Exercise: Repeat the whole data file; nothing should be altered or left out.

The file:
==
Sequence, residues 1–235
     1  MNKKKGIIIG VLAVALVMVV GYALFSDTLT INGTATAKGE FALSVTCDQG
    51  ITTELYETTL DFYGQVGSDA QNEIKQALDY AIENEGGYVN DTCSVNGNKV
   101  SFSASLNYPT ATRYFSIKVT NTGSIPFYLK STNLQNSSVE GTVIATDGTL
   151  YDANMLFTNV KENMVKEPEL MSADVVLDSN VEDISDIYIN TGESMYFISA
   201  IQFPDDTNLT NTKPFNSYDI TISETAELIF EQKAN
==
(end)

Sequence, residues 1–235
     1  MNKKKGIIIG VLAVALVMVV GYALFSDTLT INGTATAKGE FALSVTCDQG
    51  ITTELYETTL DFYGQVGSDA QNEIKQALDY AIENEGGYVN DTCSVNGNKV
   101  SFSASLNYPT ATRYFSIKVT NTGSIPFYLK STNLQNSSVE GTVIATDGTL
   151  YDANMLFTNV KENMVKEPEL MSADVVLDSN VEDISDIYIN TGESMYFISA
   201  IQFPDDTNLT NTKPFNSYDI TISETAELIF EQKAN